screenshot of OpenOffice splash screen

    The region is currently using a ten year-old version of MS Office. Instead of spending €2 mn. to upgrade 3,200 proprietary licences that are due to expire next year, the province decided to switch to OpenOffice which “offers basically the same functionality”.

    The region has set aside a budget of €220,000 for the switch to OpenOffice; this budget includes a staff training element.

  • Freeze date and Freeze Policy for Debian Jessie announced

    Debian logoThe next version (8.0) of Debian GNU/Linux, codenamed Jessie, will be released in the first half of 2015. Debian’s developers have now announced the freeze date and freeze policy for Debian Jessie. An extract of the announcement (entitled “Bits from the Release Team (Jessie freeze info)”) is reproduced below.

    We are happy to announce that we will freeze Jessie at 23:59 UTC on the 5th of November 2014. To avoid any confusion around exactly how we will freeze, we have prepared a draft of the Jessie Freeze Policy in advance


    Notable changes to the policy include:

    • Well-defined stages in the freeze policy at certain dates.
      • After 3 months of freeze, we will no longer allow remove packages to re-enter testing
      • We only accept fixes for important bugs in the first month.
      • etc.
    • Proactive automated removals 3 months into the freeze.
      • Note that bug-free packages will be removed if they (build-)depend on a RC-buggy, non-key package.
      • Also note the interval of 7 days between each removal run.
    • Inclusion of “do” and “don’t” guidelines for uploads and unblock bugs.
    • Currently, we are undecided whether to maintain “carte blanche” freeze exceptions at the start of the freeze. For now, exceptions are *not* included in the freeze policy (i.e. do *not* rely on them). This means that changes have to migrate to testing *before* the freeze date if they are to be included in the release.
      • *If* such exceptions are added, they will *not* apply for packages where migration would change the “upstream” version.
      • Native packages are at a disadvantage here, since all uploads of native packages are considered a new “upstream” version.
      • It should go without saying, but “urgency” abuse is not an acceptable way of getting your latest changes into the release.
      • It should also go without saying that embedding a new upstream release in a patch just to get a such “carte blanche” exception is also considered abuse.

      As noted we are dealing with a draft, so there may be changes to the actual freeze policy. Should we change the policy in a substantial way, this will be included in subsequent “bits”.

  • Remembering the Real WW1

    On Tuesday 15th October, Bristol Radical History Group and Bristol Stop the War Coalition are jointly organising a public meeting entitled Remembering the Real WW1 at the Hydra Bookshop, 34 Old Market St, Bristol, BS2 0EZ (map). The event starts at 7.00 pm and entry is free, although there’ll probably be a whip-round for donations. More details here.

    The talk is being organised in advance of next year’s centenary of the start of World War 1, for which The British government plans to spend £55 million marking the occasion (and the centenary of other stages of the war). Comments from Prime Minister David Cameron calling for a ‘truly national commemoration’ stressing our ‘national spirit’ already suggest what he has in mind. He has even compared the government’s plans with last year’s Diamond Jubilee celebrations.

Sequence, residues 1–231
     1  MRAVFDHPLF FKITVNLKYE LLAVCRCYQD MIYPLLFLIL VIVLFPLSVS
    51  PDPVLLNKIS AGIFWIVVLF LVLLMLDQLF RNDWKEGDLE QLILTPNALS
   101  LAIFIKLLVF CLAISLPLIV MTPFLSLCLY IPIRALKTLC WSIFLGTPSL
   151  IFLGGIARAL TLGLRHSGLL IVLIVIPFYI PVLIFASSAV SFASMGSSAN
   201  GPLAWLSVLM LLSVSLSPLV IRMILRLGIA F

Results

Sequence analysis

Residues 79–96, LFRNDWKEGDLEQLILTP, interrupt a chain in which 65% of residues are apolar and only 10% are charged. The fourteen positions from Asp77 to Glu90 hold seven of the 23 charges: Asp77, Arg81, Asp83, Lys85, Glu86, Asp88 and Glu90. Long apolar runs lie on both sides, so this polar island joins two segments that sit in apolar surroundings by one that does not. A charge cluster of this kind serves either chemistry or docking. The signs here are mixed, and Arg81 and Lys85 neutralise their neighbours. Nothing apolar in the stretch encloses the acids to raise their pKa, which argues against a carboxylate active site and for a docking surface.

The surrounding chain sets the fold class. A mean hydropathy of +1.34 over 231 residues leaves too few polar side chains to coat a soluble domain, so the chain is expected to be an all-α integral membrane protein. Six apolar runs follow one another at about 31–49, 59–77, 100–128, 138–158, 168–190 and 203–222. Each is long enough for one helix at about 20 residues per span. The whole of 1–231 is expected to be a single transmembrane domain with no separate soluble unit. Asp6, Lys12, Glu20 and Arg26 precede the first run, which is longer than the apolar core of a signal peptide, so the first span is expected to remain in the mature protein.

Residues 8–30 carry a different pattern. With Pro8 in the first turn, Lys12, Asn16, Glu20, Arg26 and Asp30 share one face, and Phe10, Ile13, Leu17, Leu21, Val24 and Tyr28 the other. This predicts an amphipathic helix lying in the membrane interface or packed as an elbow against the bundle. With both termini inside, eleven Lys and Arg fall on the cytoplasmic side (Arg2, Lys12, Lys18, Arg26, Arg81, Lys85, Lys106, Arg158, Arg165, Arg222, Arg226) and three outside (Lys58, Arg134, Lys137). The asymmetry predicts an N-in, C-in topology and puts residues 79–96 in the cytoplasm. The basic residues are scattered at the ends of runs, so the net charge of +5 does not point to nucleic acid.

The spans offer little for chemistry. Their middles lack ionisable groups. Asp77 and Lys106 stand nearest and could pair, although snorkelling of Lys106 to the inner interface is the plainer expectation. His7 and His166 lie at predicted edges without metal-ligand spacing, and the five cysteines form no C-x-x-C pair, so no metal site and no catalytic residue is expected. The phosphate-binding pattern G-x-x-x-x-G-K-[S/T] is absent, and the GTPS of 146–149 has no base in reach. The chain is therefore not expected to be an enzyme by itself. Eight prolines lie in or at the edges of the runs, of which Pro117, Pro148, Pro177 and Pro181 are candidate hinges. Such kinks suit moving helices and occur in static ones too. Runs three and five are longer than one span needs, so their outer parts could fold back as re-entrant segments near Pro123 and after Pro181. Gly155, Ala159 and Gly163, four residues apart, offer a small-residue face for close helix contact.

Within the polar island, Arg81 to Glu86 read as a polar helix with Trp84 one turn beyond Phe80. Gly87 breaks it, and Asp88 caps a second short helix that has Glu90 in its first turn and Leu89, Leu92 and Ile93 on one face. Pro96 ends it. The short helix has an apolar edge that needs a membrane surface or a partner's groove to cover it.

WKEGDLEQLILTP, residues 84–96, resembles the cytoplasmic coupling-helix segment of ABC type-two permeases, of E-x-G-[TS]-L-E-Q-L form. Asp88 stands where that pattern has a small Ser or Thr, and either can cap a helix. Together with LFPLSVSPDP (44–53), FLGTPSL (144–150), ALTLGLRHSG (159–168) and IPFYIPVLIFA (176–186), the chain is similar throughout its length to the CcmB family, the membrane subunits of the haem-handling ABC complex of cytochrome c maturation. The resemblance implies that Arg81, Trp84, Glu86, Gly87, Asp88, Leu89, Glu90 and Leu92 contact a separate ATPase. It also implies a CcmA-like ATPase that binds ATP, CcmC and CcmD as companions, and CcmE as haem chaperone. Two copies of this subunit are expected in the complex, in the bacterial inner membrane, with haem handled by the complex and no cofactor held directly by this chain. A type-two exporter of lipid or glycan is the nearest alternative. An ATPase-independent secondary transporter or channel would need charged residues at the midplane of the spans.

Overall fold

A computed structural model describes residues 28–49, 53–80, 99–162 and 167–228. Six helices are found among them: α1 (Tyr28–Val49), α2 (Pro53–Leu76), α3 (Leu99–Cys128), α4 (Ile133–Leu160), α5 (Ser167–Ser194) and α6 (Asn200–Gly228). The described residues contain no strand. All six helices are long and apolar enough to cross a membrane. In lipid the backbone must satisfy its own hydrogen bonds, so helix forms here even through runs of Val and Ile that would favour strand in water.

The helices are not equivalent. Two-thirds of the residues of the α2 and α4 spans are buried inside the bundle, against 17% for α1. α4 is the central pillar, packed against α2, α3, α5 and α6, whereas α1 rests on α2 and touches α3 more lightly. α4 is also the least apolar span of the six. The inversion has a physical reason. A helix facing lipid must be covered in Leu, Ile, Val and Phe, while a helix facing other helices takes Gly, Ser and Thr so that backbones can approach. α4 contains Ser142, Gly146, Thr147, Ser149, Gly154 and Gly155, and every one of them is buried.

What Cameron is forgetting is a phrase that I recall from 40 years ago this month, when I had just started doing political science as part of my Modern Languages degree, i.e. ‘war is the destruction of the fittest’. Indeed, the First World War is credited with being the first war in history where slaughter was conducted on an industrial scale due to advances in technology. In the Battle of the Somme alone (1st July-18th November 1916) claimed more 1,000,000 casualties, making it one of the bloodiest battles in the history of mankind.

    German dead at Guillemont
    German dead at Guillemont, September 1916. Picture courtesy of Wikimedia Commons

    For the majority of people in Europe, whether or not they were directly involved, WW1 was one of the twentieth century’s greatest disasters (and one whose repercussions are still being felt in international relations. Ed.). Already historians like Max Hastings have begun to argue that this was a war that had to be fought against German militarism and the costs in human life and destruction were worth paying. In contrast, radical historians have begun to uncover a multitude of both individual and mass forms of resistance to the war on all sides of the national divides. This resistance took the form of desertion, fraternisation, strikes and mutinies.

    Like most families, members of my own were involved in the conflict. Ted, my paternal grandfather was involved in the Gallipoli campaign, which by itself claimed 34,072 British dead and 78,520 wounded. On my mother’s side, my grandfather Alfred was rejected for military service on medical grounds, although my Auntie Doris informed me in a letter that one of Alfred’s brothers – whose name I cannot remember – deserted in France and was never heard from again by the family.

    Those British service personnel who survived the conflict were promised a ‘country fit for heroes to live in’ by ‘Welsh Wizard’ David Lloyd George‘s postwar government. They were sadly let down.

  • An apposite typo?

    I’m not a regular reader of the minutes of meetings of Bristol City Council’s Audit Committee. However, there’s an absolute corker of a typographical error on page 3 of the draft minutes of its 24th September 2013 meeting (PDF).

    image of BCC audit committee minutes

    Will anyone down at the Counts Louse (as real Bristolians call or) or City Hall (as the Mayor has renamed it) be eagle-eyed enough to notice?

    Under no circumstances Lord Fraud should not be confused with Lord Freud, a Conservative peer who only pretends to be a Parliamentary Under-Secretary at the Department for Work and Pensions with responsibility for welfare reform. 😉